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Tips Fort Building An Offline Business Online....,

Discussion in 'Offline Marketing' started by LeMerovigian, Jan 17, 2013.

  1. LeMerovigian

    LeMerovigian BANNED BANNED

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    What is your approach when building an online presence and reputation of an offline business online? I would also include obvious destinations as Mantra, Facebook and LinkedIn feel free to add tips in the thread.




    The following websites are optimal for building an online reputation;


    1. Google Places for Business



    Formerly known as Google Local, Google Places allows businesses to register themselves with Google, at which point they?ll be listed on Google Maps as well as show up in Google search results with extended information and data available at a glance. After signing up for the free service, simply describe your business with location information, a listing of services, hours of operation and a link to your business website. Once listed, users will be able to leave reviews for your business directly on your Google Places page. In May 2012, Google incorporated Google+ Local listings into Google Places. Google+ Local uses Zagat summaries of user reviews to assign a business a Zagat score.



    If you let Google find your business first, you?ll be rewarded with better placement on the map. Much like Google would rather find your website on its own through links rather than search engine submission, Google Maps will trust and more than likely post reviews from other review sites before submitting or modifying your listing. Often, the Google Places bot will scour the Internet for other reviews sites already touting your company?s offerings and experiences, so start building profiles on other review sites first to begin compiling a healthy portfolio of reviews. Reviews are an absolutely essential factor in achieving top placement in the alphanumeric listing of the Google Places/Google Map Listings, so long as your reviews are genuine ? fake reviews are quickly recognized, and can not only hurt your listing position, but your reputation. A business name containing keywords and a complete Google Places profile also helps.




    2. Yelp!

    Since it was founded in 2004 to connect residents of San Francisco to local businesses, Yelp! has taken off and become a household name across the world. With 71 million unique monthly visitors in the first quarter of 2012 alone, the Yelp! community has exploded into a full-fledged social community, complete with the ability to add friends, earn community reputations, a robust commenting system, and picture profiles. Because of it?s marked popularity ? with over 27 million reviews posted as of March 2012 ? Yelp! reviews rank well with search engines, and are generally seen as reputable and trustworthy thanks to an algorithm implemented in 2006 that, while not necessarily perfect, helps to curb fake reviews. To gain control of your profile, first check to see if your business is already listed; if so, then you must ?claim? the listing with phone call verification.
http://www.yelp.com/

    3. Yahoo! Local Listings

    Yahoo! Local Listings are similar in format to Google Places. Complete with a map and full landing page, Yahoo! Local listings rank above organic search results and below the top three pay-per-click listings. Promote your Yahoo! Local Listing by treating it like it?s one of the family ? get reviews, flesh out the profile, add business information. Although Yahoo! currently only gets about 13.5% of the search engine share, that?s still represents a significant number of potential visitors to present your business? listings to. Get your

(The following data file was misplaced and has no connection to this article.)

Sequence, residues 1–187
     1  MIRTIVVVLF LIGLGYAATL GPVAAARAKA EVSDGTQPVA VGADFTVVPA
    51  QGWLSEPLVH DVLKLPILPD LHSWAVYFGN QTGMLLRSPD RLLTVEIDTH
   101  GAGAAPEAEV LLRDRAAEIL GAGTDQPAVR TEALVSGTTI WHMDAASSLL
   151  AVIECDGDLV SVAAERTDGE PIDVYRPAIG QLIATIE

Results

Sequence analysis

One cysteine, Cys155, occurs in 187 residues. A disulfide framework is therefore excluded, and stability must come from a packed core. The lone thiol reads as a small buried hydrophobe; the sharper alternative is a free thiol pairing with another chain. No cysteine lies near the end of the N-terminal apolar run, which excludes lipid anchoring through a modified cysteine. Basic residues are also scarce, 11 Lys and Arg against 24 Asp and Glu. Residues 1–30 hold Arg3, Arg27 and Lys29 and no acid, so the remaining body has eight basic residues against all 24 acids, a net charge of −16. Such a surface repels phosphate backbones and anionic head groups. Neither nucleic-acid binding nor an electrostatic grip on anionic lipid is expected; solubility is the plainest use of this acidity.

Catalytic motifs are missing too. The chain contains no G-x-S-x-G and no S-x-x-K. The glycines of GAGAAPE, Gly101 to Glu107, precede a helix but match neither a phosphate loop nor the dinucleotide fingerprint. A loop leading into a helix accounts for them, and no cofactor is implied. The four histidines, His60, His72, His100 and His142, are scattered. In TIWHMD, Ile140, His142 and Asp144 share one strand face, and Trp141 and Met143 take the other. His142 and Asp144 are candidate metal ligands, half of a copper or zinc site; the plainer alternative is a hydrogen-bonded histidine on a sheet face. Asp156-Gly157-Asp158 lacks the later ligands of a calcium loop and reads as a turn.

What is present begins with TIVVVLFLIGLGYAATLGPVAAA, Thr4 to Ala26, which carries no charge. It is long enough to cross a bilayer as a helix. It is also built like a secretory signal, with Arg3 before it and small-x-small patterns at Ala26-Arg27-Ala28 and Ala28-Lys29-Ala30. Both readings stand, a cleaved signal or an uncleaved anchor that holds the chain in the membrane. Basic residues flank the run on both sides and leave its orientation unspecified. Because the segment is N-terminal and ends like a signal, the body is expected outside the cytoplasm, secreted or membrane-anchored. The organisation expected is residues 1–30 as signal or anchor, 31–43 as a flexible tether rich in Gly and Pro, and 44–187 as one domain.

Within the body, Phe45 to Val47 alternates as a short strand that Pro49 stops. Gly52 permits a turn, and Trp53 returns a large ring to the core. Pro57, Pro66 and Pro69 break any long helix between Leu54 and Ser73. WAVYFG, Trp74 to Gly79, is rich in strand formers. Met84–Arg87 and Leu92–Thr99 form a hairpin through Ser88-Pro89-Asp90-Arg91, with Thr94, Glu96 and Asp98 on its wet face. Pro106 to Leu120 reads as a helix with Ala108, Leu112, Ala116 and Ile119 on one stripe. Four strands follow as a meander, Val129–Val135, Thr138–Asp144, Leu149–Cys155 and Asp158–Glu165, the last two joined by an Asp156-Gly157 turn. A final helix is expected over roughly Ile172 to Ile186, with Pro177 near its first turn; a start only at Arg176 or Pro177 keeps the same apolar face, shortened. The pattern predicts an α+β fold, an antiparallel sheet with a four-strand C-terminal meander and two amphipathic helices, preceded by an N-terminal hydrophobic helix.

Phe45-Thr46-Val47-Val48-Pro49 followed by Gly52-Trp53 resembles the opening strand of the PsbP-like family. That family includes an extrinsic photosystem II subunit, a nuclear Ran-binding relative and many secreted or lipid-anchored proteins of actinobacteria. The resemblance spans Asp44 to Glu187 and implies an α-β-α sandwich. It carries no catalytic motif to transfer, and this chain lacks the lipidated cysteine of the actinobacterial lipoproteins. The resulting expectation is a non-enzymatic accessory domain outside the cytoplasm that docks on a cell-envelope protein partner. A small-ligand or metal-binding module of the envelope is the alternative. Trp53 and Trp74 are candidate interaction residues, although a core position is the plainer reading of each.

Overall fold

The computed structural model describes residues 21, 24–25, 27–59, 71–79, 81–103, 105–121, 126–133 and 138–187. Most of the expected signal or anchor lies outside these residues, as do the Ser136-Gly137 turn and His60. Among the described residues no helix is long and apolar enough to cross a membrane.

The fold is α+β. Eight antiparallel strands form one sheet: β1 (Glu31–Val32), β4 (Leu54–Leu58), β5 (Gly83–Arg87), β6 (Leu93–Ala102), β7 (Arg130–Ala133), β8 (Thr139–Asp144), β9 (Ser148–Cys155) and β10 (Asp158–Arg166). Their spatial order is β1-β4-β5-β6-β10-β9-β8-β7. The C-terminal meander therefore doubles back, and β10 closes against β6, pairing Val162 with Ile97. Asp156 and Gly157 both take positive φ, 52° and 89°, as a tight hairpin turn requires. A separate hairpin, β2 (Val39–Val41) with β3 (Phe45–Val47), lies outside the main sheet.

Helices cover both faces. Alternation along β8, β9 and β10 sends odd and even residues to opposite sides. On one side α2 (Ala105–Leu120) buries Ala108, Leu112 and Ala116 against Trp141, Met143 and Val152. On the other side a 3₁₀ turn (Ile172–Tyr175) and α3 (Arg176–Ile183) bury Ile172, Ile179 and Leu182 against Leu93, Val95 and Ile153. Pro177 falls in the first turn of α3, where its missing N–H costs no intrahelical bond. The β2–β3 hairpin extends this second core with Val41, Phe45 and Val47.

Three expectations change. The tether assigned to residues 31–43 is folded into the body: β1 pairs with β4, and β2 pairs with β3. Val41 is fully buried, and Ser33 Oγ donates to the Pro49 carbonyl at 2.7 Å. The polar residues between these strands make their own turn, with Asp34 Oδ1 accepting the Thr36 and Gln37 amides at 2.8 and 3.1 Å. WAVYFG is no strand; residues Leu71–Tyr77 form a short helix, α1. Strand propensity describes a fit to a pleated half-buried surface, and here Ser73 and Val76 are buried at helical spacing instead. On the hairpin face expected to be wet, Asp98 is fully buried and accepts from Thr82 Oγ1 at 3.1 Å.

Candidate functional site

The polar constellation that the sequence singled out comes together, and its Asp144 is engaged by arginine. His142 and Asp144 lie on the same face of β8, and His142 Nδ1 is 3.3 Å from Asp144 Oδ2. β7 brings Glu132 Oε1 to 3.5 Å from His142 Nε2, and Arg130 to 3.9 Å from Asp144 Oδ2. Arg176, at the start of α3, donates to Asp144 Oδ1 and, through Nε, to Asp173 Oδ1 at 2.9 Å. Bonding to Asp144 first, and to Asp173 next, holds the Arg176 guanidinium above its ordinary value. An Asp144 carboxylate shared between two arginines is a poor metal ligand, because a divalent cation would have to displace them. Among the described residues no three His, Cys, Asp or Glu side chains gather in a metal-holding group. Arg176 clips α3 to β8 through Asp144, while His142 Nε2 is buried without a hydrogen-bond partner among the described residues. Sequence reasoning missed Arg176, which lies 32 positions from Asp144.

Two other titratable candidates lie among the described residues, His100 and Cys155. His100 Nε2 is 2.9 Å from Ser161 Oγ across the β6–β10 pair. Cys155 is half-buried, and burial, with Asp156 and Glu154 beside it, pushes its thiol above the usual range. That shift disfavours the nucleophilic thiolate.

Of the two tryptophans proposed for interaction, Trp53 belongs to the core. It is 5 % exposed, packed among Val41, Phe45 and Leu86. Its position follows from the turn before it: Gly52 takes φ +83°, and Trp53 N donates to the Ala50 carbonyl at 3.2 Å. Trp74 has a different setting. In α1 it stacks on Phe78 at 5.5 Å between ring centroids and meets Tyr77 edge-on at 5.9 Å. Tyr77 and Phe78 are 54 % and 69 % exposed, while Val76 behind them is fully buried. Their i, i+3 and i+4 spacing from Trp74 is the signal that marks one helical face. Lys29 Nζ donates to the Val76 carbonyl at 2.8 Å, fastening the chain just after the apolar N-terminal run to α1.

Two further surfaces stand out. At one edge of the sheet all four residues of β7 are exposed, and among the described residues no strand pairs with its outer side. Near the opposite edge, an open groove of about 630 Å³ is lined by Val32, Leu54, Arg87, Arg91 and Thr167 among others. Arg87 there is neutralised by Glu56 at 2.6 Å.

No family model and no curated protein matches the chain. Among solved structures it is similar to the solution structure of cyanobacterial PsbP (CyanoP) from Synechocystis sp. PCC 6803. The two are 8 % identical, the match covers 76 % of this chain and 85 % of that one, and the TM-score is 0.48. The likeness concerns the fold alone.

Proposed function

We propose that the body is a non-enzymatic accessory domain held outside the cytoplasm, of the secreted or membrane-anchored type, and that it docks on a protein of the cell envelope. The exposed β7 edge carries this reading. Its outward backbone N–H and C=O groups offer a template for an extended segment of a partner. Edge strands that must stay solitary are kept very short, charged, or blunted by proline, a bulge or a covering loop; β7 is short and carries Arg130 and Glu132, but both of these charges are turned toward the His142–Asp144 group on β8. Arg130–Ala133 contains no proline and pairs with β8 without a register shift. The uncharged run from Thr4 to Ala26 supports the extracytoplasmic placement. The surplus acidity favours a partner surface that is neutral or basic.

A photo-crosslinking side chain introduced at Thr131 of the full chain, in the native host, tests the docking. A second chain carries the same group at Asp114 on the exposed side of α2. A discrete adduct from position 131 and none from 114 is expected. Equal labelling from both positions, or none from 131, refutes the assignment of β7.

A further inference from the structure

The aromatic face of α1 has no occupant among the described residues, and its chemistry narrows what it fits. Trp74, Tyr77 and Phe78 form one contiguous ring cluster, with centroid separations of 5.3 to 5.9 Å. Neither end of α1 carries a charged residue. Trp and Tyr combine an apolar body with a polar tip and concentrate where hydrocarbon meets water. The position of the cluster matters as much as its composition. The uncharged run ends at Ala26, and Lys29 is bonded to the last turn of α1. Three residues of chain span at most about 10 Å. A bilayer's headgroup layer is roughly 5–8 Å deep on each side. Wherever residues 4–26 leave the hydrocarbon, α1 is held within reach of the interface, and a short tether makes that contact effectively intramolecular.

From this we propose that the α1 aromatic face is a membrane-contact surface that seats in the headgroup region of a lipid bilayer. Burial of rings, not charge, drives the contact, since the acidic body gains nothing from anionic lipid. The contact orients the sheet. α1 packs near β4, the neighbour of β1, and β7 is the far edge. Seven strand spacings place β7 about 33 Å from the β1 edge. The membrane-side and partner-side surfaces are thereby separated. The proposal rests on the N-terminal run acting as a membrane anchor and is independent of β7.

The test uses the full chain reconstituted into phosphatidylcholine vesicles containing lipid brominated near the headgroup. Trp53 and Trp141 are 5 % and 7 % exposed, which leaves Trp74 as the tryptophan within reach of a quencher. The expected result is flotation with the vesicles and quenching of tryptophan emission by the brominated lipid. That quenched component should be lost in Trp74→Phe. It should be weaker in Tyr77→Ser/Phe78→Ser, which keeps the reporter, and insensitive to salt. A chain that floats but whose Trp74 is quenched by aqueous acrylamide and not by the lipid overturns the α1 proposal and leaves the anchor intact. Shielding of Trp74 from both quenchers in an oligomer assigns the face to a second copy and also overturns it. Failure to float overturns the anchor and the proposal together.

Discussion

4. Citysearch

    While not as popular as it once was, this business review site has been around for many years. Citysearch was founded back in 1995, and for many years was fueled by staff reviews of local venues. Today, however, they have adopted a format very similar to that of Yelp!, showing user-posted reviews. They also boast a ?Best of Citysearch? competition, allowing local users to vote for their favorite businesses in various categories to a quest to win their favorite places the crown. Most importantly, Citysearch listings tend to show up well in search engine rankings.



    5. MerchantCircle


    MerchantCircle, founded in 2005, has been infiltrating search listings and growing ever since. Originally designed as solely a user review site, MerchantCircle now sets itself apart from the rest of the review sites by touting the availability of deals and coupons available from merchants. In February 2012, MerchantCircle announced over 15 million monthly visits and 1.2 million active registered merchant users.



    6. Insider Pages

    Insider Pages is another online ?local search? service operated by IAC/InterActiveCorp, owners of CitySearch. Before its acquisition by IAC the company was based in Redwood Shores, California, and had over 600,000 reviews of local merchants around the country. Today, they claim ?millions? of monthly users. Better yet, Google Maps definitely picks it up.




    7. Angie?s List

    Angie?s List was founded in 1995 in the form of a hard-copy publication that solicited user recommendations for local businesses in Columbus, Ohio. The database moved to the Internet in 1999, and has since become a dominant force in local user review websites. Unlike other business review sites, however, Angie?s List charges a membership fee for users to read and post reviews, though listings are free for companies. Even with a fee, Angie?s List claims over 1 million members, with over 40,000 reviews posted each month.
     
    Last edited: Jan 17, 2013